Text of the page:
Abi wishes she had been offered more support, even though she felt like she “didn’t belong” in counselling for parents of a child with a burn.

A few parents said they didn’t feel a need to access any formal mental health support for themselves after their child was burnt. Some, like Catherine, said that their friends and family were their support networks, and this felt like enough to them. However, wider family support was not always available or offered. Abi’s wider family asked how her son was after he was burnt, but nobody “asked how I was doing”.

Some of the parents we interviewed had spoken with a psychologist about their child’s burn injury. Lily told us that she had spoken with a psychologist over the phone. Holly had spoken once with a psychologist at the burns unit where her son was receiving treatment. This could be important in helping them recognise and make sense of the emotional impact on them as parents, as well as the emotional impacts for their children, from the burn injury.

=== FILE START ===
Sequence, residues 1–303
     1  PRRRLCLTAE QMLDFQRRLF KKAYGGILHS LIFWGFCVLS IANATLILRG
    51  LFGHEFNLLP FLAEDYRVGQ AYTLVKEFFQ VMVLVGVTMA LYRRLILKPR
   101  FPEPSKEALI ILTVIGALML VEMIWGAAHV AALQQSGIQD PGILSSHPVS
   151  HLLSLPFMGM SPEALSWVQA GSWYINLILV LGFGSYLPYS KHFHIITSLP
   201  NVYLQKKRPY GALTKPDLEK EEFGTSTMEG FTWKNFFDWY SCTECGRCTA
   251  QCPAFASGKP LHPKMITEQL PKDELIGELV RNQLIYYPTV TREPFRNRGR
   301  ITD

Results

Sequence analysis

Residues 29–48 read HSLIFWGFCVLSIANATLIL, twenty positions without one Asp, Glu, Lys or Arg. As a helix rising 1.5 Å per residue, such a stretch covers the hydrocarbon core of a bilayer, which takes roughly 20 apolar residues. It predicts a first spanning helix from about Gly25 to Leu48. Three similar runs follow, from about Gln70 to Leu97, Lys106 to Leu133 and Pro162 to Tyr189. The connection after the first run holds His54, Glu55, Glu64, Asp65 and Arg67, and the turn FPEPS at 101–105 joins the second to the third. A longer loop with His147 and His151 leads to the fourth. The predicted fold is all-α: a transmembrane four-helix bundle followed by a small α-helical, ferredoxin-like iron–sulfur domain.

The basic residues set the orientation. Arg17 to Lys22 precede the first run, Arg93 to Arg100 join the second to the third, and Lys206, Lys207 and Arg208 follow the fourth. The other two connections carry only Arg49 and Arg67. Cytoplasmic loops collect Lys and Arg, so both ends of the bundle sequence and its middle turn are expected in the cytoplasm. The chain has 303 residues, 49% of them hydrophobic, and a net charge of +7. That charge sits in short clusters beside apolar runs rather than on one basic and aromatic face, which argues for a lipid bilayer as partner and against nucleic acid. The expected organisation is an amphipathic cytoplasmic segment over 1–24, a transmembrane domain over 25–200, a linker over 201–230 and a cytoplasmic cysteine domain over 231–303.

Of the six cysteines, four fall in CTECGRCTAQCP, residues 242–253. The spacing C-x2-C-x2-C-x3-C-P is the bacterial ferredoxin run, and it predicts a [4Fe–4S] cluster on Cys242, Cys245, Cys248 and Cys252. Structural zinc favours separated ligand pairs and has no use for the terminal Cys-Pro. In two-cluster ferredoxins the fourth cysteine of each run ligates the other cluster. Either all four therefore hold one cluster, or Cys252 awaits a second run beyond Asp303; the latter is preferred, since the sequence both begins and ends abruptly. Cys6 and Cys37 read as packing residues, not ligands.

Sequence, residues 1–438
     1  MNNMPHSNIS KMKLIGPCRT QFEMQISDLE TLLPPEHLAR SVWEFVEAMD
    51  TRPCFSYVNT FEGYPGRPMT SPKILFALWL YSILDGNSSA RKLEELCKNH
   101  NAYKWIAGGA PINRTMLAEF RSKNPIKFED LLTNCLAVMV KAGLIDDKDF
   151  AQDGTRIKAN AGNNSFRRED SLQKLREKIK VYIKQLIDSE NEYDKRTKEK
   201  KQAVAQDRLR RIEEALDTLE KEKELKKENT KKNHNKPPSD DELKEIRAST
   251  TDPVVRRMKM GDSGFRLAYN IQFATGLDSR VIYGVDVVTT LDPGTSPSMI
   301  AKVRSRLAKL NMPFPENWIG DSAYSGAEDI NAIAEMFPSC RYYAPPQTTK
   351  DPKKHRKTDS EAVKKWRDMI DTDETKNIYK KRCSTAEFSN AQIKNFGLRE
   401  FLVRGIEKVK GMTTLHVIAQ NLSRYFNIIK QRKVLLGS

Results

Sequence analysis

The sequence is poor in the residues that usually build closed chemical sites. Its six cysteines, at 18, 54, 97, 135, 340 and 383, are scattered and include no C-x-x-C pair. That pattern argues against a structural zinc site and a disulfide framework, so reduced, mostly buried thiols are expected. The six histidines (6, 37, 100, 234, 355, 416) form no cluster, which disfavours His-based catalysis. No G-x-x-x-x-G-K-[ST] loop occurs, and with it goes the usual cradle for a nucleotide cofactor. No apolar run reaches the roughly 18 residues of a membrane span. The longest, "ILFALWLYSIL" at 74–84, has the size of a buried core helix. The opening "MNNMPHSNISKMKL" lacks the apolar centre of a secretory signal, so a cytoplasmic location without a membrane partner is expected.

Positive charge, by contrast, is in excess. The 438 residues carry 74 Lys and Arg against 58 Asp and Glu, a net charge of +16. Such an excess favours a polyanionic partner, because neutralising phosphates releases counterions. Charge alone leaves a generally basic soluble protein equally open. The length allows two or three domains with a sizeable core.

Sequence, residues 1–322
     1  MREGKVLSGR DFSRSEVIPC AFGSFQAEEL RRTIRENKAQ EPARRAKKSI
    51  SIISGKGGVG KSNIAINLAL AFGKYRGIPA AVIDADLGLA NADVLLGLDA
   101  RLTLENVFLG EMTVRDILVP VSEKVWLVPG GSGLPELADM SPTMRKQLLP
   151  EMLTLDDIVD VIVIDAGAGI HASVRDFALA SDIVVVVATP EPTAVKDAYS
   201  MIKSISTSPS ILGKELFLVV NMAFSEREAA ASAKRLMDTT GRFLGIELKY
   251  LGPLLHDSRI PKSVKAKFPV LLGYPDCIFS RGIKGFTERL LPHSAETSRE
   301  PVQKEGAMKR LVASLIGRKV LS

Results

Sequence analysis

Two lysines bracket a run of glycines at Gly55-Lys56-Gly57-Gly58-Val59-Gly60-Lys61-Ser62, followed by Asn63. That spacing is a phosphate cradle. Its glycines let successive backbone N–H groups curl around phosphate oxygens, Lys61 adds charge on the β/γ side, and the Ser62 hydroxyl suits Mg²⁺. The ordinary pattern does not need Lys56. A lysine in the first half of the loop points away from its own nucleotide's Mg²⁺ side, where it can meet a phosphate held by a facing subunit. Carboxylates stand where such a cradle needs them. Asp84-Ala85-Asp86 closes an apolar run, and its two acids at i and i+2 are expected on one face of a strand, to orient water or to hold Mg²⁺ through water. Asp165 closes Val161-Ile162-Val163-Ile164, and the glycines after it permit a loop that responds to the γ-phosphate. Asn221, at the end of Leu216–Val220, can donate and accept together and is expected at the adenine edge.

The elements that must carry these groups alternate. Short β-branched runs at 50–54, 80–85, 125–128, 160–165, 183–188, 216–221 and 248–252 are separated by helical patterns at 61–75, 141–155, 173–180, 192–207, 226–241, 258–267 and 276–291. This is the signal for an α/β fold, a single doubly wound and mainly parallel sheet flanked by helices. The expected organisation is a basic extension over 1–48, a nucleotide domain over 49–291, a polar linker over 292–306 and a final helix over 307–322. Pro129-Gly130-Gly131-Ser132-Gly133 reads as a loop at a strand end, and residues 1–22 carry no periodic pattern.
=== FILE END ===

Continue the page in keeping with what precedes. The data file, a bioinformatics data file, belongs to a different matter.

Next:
Sinead didn’t understand at first why she was offered sessions with a psychologist and didn’t think it was “the right time”. As time has passed, she feels better able to talk and now speaks to a psychologist.